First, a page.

Cornish John Dory Rubbing

Finally I am able to show some of my new images that I have had so much fun doing whilst being kept indoors!. These are all rubbings of actual fish etc which gives the image an accurate and unique quality that I am really taken with. The whole process started when late on evening I was browsing through pinterest and saw an image of a fish that caught my eye, it turned out to be a process called Gyotaku (soft g).

This is a traditional Japanese art form  “gyo” means fish, and “taku” means rubbing. Gyotaku originated in Japan in the mid 1800’s as a way for Japanese fishermen to record the fish they caught. Unlike photography, a print can retain specific texture, proportions and details of the fish. Traditionally the fish would be painted on one side with a form of edible ink and then rice paper was laid over it and gently pressed down to reveal a detailed image. The eye of the fish was later hand painted in.

Cornish edible crab.

I decided to have a go at this form of printmaking and looked up you tube videos and googled it and came across loads of other images and help. Not having any rice paper or edible ink I decided to try out using oil paints and an old cotton bed sheet that had some holes in. The first rubbings I did were of scallop shells and was blown away with the lovely unique effect, next came oyster shells, mussel shells and some coral/sponge pieces I had collected from the beach. Limpet shells didn’t work as they weren’t flat enough.

Cornish scallops,oyster,mussel and sponge rubbing

Spurred on with this success I then tried a crab, the claws had to be done separately and once I had scanned in the image joined all the bits back. What I like is the unpredictability of how the image looks and also how it changes on different fabrics. The crab print went into the shop in two different sizes and sold straight away!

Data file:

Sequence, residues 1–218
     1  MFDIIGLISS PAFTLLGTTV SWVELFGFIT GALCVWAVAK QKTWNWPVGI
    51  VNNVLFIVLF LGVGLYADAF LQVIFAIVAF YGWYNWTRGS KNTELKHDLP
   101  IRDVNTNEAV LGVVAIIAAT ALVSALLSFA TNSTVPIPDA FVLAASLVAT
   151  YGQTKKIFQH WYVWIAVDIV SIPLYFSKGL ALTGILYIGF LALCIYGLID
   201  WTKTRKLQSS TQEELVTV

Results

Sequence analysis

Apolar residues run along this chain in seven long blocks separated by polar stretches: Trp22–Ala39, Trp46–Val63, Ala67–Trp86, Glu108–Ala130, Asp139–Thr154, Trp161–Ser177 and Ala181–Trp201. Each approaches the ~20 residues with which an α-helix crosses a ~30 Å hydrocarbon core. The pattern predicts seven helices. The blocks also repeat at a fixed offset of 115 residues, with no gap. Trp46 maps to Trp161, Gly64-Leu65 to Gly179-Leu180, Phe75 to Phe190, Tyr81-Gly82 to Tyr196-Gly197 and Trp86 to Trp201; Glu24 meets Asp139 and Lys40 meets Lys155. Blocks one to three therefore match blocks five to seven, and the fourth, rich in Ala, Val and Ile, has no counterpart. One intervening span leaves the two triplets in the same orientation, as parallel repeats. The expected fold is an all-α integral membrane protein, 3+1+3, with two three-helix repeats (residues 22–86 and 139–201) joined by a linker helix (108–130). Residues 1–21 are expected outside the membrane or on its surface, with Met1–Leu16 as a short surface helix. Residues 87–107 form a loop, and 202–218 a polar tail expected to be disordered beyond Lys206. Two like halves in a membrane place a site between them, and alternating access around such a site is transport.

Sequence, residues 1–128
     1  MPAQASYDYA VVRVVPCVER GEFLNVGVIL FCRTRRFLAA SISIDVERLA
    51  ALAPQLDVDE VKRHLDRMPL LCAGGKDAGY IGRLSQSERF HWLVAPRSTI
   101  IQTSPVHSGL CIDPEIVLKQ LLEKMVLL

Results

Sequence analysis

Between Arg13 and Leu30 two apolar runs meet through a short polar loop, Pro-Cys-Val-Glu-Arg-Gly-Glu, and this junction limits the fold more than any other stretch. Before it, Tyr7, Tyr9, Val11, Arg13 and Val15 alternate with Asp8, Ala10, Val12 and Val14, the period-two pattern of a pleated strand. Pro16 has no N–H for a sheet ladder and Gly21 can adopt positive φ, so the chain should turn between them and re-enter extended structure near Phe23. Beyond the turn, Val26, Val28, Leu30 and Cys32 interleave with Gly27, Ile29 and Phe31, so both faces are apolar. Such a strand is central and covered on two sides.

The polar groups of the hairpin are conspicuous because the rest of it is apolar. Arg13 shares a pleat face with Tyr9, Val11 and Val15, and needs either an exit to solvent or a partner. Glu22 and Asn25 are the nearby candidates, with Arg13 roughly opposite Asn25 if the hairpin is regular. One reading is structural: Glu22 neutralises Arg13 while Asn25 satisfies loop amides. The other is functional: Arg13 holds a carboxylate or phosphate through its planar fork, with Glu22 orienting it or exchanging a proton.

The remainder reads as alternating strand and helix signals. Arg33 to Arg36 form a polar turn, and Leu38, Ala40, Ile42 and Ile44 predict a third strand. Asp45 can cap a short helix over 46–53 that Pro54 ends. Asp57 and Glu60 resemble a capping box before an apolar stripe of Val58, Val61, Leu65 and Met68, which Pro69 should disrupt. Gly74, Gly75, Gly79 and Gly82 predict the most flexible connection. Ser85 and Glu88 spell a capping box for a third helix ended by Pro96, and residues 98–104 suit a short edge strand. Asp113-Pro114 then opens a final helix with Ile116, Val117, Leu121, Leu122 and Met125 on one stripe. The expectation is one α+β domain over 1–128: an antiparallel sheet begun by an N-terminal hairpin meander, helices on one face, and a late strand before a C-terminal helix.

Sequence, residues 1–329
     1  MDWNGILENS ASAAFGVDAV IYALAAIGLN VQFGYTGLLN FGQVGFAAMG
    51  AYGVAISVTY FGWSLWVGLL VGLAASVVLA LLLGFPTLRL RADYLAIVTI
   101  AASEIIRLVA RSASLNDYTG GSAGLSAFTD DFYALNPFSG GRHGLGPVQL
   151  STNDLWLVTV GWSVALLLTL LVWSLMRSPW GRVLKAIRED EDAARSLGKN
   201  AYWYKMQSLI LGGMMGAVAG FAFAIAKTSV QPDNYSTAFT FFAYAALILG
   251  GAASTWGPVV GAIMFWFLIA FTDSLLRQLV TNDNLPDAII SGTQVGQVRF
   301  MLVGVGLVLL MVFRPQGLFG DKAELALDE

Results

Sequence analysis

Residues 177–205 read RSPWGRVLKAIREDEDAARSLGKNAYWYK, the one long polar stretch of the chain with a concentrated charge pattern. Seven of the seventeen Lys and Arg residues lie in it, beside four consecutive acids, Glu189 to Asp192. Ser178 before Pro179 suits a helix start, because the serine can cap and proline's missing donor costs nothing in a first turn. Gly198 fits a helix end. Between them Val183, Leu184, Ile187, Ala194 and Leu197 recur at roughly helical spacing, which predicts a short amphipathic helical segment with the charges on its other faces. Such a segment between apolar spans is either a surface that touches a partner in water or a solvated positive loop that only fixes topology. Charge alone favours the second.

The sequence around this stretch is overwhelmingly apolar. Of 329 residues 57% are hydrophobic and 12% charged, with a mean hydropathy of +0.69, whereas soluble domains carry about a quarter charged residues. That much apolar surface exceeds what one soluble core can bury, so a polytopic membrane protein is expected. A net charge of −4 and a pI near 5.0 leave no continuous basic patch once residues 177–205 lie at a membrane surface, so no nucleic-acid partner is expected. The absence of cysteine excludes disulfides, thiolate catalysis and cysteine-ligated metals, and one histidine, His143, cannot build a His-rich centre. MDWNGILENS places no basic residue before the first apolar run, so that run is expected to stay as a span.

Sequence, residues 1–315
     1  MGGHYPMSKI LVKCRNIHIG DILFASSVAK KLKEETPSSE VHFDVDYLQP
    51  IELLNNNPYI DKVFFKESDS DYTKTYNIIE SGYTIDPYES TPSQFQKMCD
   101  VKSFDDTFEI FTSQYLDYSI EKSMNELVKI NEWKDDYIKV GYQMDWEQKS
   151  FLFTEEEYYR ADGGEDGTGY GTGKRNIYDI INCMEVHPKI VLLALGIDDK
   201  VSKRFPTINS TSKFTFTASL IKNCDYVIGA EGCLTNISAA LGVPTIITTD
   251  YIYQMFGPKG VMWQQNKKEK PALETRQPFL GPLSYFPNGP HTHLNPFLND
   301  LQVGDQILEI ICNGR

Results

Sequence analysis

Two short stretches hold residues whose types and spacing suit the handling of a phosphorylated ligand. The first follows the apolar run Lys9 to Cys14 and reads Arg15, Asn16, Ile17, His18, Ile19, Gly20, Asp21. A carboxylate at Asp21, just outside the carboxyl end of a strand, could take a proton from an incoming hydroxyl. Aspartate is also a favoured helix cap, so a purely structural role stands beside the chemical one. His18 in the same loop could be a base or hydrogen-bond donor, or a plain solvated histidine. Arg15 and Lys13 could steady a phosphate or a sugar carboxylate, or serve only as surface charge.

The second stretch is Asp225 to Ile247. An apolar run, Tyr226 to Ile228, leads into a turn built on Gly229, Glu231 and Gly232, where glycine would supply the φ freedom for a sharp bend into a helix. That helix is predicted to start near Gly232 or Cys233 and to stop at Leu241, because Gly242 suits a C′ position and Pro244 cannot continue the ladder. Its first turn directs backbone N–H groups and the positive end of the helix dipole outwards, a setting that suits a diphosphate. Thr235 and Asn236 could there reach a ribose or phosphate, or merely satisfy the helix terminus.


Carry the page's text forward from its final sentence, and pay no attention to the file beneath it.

Rubbing fish was going to be a harder challenge as I read you had to remove the slime with out dislodging scales ( I used salt ) and remove the eyeball and make sure that there was no moisture any where, and using a hairdryer helped. The paint went on ok but it still took several attempts not to get too many brush strokes on the print, but leaving some looked  pretty good I thought. Then the fish was scanned into my computer and I painted in the eye and cleaned up around the image as it was quite messy. Preparing the fish takes quite a long time and the whole process to print form for one fish takes at least a day.

One mackerel, two squid, change of two prawns.

I was lucky enough to find a lot of the fish from a really helpful Cornish fish supplier near me called Wings despite being very busy delivering fish all over the place they have a fantastic selection and their website for buying fish on line is really good. I am excited as the prints are selling very well in the shop and I am adding to the collection. Some of these can be used on products for coasters, place mats, china and tea towels, they can be recoloured and there are endless of different ways these can be put together.

Cornish prawn rubbings.

The only drawback is that this process is messy and I now have oil paint all over my key board of which there is no point cleaning as there are so many things that can be rubbed it is an on going project and I will add some newer ones soon.

Sayonara,

Susie x